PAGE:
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Vietnam Gun Trucks (New Vanguard) Paperback – September 20, 2011

4.7 out of 5 stars 18 customer reviews

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Editorial Reviews

Review

“...provides a good overview of an important innovation developed during the Vietnam War. I highly recommend it for both its narrative and for the large variety of the clear photographs and excellent illustrations.” ―Jeff Leiby, IPMS/USA

About the Author

Gordon L. Rottman entered the US Army in 1967, volunteered for Special Forces and completed training as a weapons specialist. He served in the 5th Special Forces Group in Vietnam in 1969-70 and subsequently in airborne infantry, long-range patrol and intelligence assignments until retiring after 26 years. He was a Special Operations Forces scenario writer at the Joint Readiness Training Center for 12 years and is now a freelance writer, living in Texas.
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Product Details

  • Series: New Vanguard (Book 184)
  • Paperback: 48 pages
  • Publisher: Osprey Publishing (September 20, 2011)
  • Language: English
  • ISBN-10: 184908355X
  • ISBN-13: 978-1849083553
  • Product Dimensions: 6.9 x 0.2 x 9.9 inches
  • Shipping Weight: 6.4 ounces (View shipping rates and policies)
  • Average Customer Review: 4.7 out of 5 stars  See all reviews (18 customer reviews)
  • Amazon Best Sellers Rank: #1,476,733 in Books (See Top 100 in Books)

Customer Reviews

Top Customer Reviews

Format: Paperback Verified Purchase
This book give a in depth look at the convoy structure which developed during the Vietnam war.
The descriptions of the gun trucks and there usage by all facets of the military was interesting.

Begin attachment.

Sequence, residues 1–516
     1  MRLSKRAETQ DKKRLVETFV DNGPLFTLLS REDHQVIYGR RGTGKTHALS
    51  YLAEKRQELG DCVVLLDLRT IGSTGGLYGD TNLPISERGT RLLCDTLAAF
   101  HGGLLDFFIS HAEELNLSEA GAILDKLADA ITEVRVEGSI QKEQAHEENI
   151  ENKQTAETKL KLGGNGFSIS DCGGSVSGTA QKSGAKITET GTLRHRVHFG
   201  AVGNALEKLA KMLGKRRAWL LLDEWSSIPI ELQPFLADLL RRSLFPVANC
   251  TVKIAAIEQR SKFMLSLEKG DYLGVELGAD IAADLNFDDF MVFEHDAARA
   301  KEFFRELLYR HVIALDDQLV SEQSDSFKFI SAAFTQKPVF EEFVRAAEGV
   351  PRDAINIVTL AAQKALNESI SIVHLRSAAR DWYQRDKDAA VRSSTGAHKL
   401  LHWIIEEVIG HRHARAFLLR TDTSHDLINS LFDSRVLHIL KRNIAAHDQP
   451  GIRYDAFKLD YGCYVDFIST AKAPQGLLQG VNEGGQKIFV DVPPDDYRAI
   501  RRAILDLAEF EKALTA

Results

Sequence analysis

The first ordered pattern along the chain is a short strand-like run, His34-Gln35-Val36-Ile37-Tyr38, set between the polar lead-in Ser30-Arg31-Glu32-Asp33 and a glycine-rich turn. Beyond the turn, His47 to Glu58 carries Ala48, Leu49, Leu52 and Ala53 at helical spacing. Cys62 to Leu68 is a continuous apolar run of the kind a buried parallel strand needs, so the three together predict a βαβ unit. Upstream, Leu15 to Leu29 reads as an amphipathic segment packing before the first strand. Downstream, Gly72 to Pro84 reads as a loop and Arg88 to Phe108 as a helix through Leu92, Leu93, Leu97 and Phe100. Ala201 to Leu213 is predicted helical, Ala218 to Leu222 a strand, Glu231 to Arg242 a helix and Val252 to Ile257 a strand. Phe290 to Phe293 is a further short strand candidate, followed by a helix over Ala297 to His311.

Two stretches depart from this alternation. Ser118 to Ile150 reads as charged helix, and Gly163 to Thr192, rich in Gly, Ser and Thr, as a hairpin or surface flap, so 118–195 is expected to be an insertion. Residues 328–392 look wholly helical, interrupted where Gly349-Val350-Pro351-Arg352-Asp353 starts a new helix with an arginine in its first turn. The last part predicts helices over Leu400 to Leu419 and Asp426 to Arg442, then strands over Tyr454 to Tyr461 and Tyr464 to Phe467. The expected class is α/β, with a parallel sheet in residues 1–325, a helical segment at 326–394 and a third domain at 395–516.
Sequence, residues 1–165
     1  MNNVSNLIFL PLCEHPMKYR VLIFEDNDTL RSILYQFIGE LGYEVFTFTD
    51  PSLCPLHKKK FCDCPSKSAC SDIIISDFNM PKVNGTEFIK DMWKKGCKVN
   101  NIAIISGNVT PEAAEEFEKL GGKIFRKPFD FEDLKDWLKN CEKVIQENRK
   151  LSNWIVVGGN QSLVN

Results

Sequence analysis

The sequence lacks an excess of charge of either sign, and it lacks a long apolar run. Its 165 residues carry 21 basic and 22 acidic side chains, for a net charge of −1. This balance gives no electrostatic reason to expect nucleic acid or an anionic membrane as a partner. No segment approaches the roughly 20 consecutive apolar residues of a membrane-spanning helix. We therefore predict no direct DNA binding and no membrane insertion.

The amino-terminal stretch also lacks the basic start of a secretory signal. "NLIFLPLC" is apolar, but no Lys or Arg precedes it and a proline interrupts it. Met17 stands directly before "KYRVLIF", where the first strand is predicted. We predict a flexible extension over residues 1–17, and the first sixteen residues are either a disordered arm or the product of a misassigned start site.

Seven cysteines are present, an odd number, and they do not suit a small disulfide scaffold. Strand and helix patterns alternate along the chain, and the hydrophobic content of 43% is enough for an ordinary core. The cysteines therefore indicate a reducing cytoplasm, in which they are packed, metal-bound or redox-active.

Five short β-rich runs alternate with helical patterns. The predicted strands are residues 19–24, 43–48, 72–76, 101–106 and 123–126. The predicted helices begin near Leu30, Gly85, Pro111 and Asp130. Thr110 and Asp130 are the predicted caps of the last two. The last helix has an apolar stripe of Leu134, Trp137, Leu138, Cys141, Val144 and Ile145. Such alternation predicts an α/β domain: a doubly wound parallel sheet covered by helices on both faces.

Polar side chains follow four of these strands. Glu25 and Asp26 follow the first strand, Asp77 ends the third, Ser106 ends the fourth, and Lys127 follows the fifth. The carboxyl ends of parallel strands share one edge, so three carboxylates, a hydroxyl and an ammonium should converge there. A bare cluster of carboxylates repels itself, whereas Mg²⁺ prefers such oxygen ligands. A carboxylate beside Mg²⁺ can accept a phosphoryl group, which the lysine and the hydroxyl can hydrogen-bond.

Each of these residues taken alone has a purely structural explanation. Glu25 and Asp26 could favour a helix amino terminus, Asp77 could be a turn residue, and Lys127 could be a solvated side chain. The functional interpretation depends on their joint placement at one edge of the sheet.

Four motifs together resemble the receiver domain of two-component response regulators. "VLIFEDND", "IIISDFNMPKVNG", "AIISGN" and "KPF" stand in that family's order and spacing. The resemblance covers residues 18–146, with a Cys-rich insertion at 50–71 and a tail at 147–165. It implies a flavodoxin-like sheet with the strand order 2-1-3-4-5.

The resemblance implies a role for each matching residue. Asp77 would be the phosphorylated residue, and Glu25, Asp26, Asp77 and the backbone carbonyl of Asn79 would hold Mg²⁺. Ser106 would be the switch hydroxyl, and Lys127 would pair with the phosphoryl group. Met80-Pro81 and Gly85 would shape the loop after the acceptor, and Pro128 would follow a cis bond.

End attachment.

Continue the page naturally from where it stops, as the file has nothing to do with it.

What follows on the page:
I think additional color plates of gun trucks would have been a nice addition.
I have gotten James Lyles series on gun trucks which is of great assistance because James main focus is the pictures available of gun trucks and the crews that served.
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Format: Paperback Verified Purchase
The book covers the inception, development and use of the gun truck during the Vietnam war. Although no two gun trucks were alike and no standards existed for the construction of the trucks, they followed certain patterns. There are many drawings and photos of typical trucks and photos of individual trucks. It is with having in your library.
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Format: Kindle Edition Verified Purchase
Very interesting book written by James Lyles who was a former member of the 104th engineers, they mostly rode with convoys and if you ever had that experience you would know what I mean, if the truck in front of you is hit, you become a sitting duck.
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Format: Paperback
This is a very well written and very instructive introduction to the saga of gun trucks in Vietnam. I learned A LOT from it. The writing is clear, the book is well organised, everyone of 48 pages is fully used and there is no useless digressions and no filler.

Illustrations are good and colour plates are very honest but the real interest of this book resides in the text. Author clearly knows the subject and gives us a lot if useful and interesting info, beginning with the whole organisation of truck convoys system in Vietnam War - that helps the reader to better understand what was the role of gun trucks and the logic behind the tactic of their operaitonal use. We move then to the recruitement and organisation of crews of gun trucks, before getting to the construction of those improvised vehicles and the equipement and weaponry they used. Tactics are explained only once we got a better understanding of previous points and then we go the names (believe me, you will have a ball reading that point), paintings and lore of gun trucks. The whole organisation of the book is very good - it is in form of a logical progression in the learning processus.